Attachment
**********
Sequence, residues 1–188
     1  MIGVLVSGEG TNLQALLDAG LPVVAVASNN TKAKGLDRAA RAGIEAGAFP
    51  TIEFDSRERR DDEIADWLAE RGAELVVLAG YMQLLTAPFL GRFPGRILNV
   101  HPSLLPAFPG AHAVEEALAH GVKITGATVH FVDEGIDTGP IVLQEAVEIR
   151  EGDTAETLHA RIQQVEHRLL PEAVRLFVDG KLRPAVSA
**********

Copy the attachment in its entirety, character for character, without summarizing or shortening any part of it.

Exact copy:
Sequence, residues 1–188
     1  MIGVLVSGEG TNLQALLDAG LPVVAVASNN TKAKGLDRAA RAGIEAGAFP
    51  TIEFDSRERR DDEIADWLAE RGAELVVLAG YMQLLTAPFL GRFPGRILNV
   101  HPSLLPAFPG AHAVEEALAH GVKITGATVH FVDEGIDTGP IVLQEAVEIR
   151  EGDTAETLHA RIQQVEHRLL PEAVRLFVDG KLRPAVSA